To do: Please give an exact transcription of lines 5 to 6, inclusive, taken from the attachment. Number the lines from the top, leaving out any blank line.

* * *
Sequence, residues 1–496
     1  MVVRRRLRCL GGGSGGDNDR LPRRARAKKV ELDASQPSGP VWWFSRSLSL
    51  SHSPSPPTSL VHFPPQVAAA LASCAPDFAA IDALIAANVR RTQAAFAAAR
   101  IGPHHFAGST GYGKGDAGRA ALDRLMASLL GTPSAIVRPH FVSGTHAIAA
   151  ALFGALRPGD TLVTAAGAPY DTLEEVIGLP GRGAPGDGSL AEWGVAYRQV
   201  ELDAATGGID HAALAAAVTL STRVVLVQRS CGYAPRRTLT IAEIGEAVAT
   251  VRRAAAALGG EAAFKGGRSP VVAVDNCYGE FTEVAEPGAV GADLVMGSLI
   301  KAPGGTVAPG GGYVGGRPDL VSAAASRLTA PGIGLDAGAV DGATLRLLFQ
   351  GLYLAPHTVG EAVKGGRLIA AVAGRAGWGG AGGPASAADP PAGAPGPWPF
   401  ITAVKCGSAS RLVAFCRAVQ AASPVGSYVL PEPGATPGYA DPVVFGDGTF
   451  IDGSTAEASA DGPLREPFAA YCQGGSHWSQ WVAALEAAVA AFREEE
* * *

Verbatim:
   151  ALFGALRPGD TLVTAAGAPY DTLEEVIGLP GRGAPGDGSL AEWGVAYRQV
   201  ELDAATGGID HAALAAAVTL STRVVLVQRS CGYAPRRTLT IAEIGEAVAT